Anaesthesia for urgent splenectomy in acute idiopathic thrombocytopenic purpura

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A previously fit and well middle-aged woman with a diagnosis of acute idiopathic thrombocytopenic purpura, failed to respond to standard medical treatment with oral steroids and intravenous immunoglobulin. The decision was taken to proceed to open splenectomy in the presence of severe refractory thrombocytopenia [1]. Pre-operative assessment revealed an enlarged, swollen tongue with small surface haematomas and extensive blood blisters on the buccal mucosa. There were no signs of airway obstruction although she complained of a hoarse voice and had experienced a few episodes of haemoptysis. There were no symptoms of gastro-oesophageal reflux. A full blood count showed a platelet count of 1 × 109.l−1 on the day of operation.

There was concern that laryngoscopy and tracheal intubation may lead to damage of mucosal surfaces, particularly around the laryngeal inlet and trachea, with subsequent haemorrhage [2, 3]. We were also concerned that any coughing induced by the tracheal tube could cause an intracranial bleed [4]. For these reasons, a Classic Laryngeal Mask Airway (Intavent, Maidenhead, Berkshire, UK) was used. One pool of platelets was administered in the anaesthetic room. After induction of anaesthesia, a size 3 Classic Laryngeal Mask Airway was gently passed without difficulty using the standard insertion technique. Positive pressure ventilation was continued during the procedure.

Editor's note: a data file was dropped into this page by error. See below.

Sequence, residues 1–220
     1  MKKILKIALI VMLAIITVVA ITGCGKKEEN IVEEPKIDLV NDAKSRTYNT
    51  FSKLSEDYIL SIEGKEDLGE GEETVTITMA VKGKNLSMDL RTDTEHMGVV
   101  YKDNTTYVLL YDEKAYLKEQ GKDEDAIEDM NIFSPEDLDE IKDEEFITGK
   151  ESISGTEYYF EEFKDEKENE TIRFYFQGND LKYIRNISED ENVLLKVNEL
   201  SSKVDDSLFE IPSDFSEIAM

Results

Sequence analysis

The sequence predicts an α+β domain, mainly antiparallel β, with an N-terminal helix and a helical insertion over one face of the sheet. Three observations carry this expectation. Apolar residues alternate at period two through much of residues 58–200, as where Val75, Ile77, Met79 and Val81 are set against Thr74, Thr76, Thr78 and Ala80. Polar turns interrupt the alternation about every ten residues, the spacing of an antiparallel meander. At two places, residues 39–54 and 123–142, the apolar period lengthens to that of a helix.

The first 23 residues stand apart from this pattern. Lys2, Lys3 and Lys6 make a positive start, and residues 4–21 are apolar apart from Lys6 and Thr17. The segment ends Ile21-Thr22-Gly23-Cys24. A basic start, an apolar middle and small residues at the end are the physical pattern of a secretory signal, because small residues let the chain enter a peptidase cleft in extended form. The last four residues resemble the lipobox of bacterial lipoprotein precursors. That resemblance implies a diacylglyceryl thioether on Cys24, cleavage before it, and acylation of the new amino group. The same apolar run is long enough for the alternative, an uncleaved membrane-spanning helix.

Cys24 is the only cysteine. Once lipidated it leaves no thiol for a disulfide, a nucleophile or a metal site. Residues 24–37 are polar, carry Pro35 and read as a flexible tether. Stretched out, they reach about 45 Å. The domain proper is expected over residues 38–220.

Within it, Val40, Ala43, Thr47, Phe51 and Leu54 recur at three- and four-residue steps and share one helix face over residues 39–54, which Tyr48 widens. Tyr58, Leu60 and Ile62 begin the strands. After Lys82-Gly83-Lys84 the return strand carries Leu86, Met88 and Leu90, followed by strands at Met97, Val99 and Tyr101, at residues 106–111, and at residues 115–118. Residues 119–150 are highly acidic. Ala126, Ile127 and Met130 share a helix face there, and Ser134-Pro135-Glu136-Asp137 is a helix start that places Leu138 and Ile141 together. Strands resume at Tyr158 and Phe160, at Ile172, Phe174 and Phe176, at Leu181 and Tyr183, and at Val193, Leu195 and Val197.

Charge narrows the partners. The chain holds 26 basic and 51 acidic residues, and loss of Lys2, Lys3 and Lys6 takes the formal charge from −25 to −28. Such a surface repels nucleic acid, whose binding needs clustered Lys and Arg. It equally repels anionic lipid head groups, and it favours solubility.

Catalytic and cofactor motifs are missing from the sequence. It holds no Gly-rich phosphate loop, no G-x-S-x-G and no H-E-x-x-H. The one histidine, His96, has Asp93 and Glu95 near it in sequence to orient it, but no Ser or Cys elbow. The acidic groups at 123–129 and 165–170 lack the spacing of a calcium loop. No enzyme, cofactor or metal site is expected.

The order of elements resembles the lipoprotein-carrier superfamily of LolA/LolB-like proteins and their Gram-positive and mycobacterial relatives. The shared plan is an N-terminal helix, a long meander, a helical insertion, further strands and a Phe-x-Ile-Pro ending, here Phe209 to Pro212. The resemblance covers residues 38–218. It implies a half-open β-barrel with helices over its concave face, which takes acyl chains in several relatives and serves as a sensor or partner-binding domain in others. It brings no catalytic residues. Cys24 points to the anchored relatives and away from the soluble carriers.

After the splenic artery had been clamped, a further two pools of platelets were given and the operation proceeded uneventfully. The laryngeal mask airway was removed with the patient spontaneously breathing and fully awake. The patient was monitored on the high dependency unit for 5 days before making a full recovery.

A literature search found only one report on anaesthetic management in a similar case with an extremely low platelet count. Here, the authors intubated the trachea without any subsequent complications [5]. In our case, the risks of tracheal trauma and intracranial haemorrhage associated with a tracheal tube were felt to outweigh the risk of gastric aspiration associated with the use of a laryngeal mask airway. We acknowledge that a device such as the Proseal Laryngeal Mask Airway (Intavent) may have been even more suitable, although its insertion may not have been as atraumatic as that with the Classic Laryngeal Mask Airway.

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